Spelt pie crust- If you are looking for a pie crust that is light, flaky, and made with ancient grain flour? This is the pie crust recipe you are looking for.
Buckwheat pie dough- This is a gluten-free recipe that is made with whole-grain buckwheat flour. It is a little trickier to work with, but still so good!
3-ingredient pie crust- This recipe is an all-white recipe that uses only 3 ingredients- most you probably have in your fridge and pantry to begin with.
Do you need to grease a pie pan?- This is not a how-to-make pie dough post, but all about whether or not you need to grease your pan.
How to cut a pie- this is another informational post. If you are new to pies and wondering how to slice them, let me show you how I do this.
Creating the perfect pie dough
My pie dough-making posts will cover this in more detail, but here are the basics of making a really great pie dough. This can also be done with a food processor. Or if you don't want to use any special equipment, this can also be done with frozen butter and a grater. More on this in the linked pie dough recipes above.
- Chill Ingredients: Ensure your butter is very cold, and have ice water ready.
- Combine Dry Ingredients: Whisk together all-purpose flour and salt in a mixing bowl.
- Cut in Butter: Add the cold, cubed butter to the flour mixture and cut it in until it resembles coarse crumbs with pea-sized pieces of butter. You can do this with a couple of knives, a fork, or with a pastry cutter. This can also be done in a food processor.
- Add Ice Water: Gradually add ice water to the dough, one tablespoon at a time.
- Gently Mix: Stir the dough until it just comes together; do not overmix.
- Form Dough: Gather the dough into a ball, divide it if making a double-crust pie, and wrap it in plastic wrap.
- Chill: Refrigerate the dough for at least 30 minutes before rolling it out for your pie crust.
How long can you keep the unbaked pie crust in the fridge?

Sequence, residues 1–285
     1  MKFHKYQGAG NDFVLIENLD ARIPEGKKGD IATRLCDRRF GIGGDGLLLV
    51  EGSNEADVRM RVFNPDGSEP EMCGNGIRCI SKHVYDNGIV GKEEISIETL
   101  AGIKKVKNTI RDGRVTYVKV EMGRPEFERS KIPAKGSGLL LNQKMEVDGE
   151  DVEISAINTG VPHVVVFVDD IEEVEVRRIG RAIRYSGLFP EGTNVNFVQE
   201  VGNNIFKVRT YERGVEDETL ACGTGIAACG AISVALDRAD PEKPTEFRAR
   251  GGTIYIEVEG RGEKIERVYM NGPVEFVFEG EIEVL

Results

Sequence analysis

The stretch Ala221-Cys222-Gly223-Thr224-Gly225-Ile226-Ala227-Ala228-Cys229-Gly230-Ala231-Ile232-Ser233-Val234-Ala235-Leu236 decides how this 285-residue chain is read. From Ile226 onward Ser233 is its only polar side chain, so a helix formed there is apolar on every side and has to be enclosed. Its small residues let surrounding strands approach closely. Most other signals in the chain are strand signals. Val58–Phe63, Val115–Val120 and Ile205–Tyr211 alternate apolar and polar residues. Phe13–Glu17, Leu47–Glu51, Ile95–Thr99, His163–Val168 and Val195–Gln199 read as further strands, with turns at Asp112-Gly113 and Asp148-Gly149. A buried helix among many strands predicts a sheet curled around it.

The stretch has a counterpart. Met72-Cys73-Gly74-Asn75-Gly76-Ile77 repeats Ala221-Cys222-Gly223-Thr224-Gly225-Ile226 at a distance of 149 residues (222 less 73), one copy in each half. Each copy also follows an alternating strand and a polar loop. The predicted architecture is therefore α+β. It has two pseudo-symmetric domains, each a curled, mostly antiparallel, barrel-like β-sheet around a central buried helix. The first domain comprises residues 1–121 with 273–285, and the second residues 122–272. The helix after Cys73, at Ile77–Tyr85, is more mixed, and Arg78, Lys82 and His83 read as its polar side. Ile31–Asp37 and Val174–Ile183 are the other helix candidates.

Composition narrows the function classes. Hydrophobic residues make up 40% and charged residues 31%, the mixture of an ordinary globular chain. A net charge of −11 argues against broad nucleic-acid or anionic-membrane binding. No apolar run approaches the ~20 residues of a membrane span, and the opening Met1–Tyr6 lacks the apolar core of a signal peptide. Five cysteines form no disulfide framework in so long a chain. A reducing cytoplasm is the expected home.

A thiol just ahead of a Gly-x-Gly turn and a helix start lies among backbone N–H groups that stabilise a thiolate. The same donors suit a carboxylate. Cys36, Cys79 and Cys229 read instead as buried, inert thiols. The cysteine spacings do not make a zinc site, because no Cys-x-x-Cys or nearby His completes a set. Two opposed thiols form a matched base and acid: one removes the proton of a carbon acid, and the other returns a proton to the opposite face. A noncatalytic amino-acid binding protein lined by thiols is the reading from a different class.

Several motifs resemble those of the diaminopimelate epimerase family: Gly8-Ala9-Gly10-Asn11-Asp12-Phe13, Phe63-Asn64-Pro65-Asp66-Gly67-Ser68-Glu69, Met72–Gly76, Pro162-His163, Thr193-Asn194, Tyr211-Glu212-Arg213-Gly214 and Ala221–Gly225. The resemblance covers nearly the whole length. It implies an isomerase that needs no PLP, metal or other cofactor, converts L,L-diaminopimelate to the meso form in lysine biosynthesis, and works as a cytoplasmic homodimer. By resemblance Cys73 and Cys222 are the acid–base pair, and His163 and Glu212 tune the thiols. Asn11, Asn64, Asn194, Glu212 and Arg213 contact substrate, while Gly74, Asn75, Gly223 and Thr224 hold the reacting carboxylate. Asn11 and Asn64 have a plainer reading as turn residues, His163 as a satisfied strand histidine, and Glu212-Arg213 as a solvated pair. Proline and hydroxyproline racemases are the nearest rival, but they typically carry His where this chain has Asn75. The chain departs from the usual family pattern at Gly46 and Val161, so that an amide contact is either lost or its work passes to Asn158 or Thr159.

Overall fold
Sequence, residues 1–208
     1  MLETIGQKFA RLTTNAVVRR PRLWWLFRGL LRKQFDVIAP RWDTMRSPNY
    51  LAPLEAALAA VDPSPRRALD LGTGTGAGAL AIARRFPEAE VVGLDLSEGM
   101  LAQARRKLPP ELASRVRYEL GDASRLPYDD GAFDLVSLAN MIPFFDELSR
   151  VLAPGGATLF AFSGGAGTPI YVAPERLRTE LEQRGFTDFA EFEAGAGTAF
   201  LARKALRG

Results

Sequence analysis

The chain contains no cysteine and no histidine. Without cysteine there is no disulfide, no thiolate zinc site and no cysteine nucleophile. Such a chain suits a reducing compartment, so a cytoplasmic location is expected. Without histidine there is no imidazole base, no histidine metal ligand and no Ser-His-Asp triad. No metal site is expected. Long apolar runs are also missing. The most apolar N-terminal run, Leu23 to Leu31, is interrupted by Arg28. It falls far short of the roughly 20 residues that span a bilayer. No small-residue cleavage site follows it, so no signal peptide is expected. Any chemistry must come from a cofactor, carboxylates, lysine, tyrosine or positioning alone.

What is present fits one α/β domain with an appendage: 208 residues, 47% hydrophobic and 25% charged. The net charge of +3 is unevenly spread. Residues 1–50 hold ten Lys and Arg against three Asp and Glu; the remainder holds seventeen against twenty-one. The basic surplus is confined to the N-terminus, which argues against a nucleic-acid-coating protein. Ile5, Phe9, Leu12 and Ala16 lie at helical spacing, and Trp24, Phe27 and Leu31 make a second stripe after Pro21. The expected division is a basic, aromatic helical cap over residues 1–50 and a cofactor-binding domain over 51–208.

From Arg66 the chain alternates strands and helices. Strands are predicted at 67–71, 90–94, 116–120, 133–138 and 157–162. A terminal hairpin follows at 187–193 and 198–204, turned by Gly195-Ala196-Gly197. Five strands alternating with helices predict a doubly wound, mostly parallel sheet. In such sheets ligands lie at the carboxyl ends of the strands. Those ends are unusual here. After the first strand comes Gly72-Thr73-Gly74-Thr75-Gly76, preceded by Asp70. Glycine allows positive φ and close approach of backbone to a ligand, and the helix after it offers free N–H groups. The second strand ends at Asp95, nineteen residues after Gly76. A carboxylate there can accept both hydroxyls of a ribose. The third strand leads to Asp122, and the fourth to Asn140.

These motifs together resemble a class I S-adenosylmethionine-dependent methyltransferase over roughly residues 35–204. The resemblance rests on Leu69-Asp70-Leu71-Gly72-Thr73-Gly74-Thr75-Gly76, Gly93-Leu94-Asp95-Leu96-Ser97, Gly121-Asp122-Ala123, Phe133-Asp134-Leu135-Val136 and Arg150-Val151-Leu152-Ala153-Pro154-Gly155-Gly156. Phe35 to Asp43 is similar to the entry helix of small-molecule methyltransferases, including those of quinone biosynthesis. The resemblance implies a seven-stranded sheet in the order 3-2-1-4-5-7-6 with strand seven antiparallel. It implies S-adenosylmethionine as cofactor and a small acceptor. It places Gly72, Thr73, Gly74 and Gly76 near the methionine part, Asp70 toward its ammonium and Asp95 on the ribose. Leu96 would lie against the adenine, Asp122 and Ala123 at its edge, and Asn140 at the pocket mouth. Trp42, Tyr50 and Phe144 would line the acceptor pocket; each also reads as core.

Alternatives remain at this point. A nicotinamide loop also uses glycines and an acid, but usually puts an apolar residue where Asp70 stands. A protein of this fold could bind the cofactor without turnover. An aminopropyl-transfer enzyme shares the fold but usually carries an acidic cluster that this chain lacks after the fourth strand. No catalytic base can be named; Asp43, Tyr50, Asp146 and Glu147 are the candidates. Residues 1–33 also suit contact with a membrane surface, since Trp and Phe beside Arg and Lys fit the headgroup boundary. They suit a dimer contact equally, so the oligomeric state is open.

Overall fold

The storage duration for unbaked pie crusts in the refrigerator can vary slightly depending on whether you're working with a homemade pie crust or a store-bought one. Here are general guidelines for both:
Homemade Pie Crust: You can store an unbaked homemade pie crust in the refrigerator for approximately 2 to 3 days. It's important to keep it well-wrapped in plastic wrap or placed in an airtight container to prevent it from drying out or absorbing other odors from the fridge. If you need to store it for a longer period, you can freeze it for up to 2-3 months. Be sure to thaw it in the refrigerator before using it.
Store-Bought Pie Crust: Store-bought pie crusts often come with "use by" or "best by" dates on their packaging. It's advisable to follow the manufacturer's guidelines for the specific expiration date. Typically, they can be stored in the refrigerator for a similar duration as homemade ones, which is around 2 to 3 days. Again, it's important to keep them in their original packaging or wrap them tightly in plastic to maintain freshness.
Remember that the key to keeping unbaked pie crusts in good condition is to minimize exposure to air and moisture, whether they are homemade or store-bought. If you need to store them for an extended period, consider freezing them for the best results and longer shelf life.
Why is my pie crust hard after refrigeration?
If your pie dough made with butter becomes hard as it chills in the refrigerator, it's likely due to the butter solidifying. Butter contains a significant amount of fat, and as it cools, it becomes firm.
If it is already shaped into your pie pan, no worries, proceed with the recipe as directed.
If it is your pie dough that has hardened, don't worry or stress about this. I simply set it on the countertop for about 10-15 minutes at room temperature to soften it slightly to work with.
Favorite pie recipes
- Cherry pie recipe to feed a crowd- This recipe is designed when you are feeding a crowd. It is made with a cherry pie filling from frozen cherries.
- Chocolate pecan pie- This is a really tasty variation of the classic pecan pie we all know and love.
- Apple blueberry pie- Another twist on a classic- classic apple pie.
- Blueberry pie- This is a blueberry pie that is not runny. If you are looking for a blueberry pie recipe where the filling is a little more firm, I've got you!
- Coconut cream pie with chocolate pie- maybe you want a no-bake pie that is really easy to put together? This is it!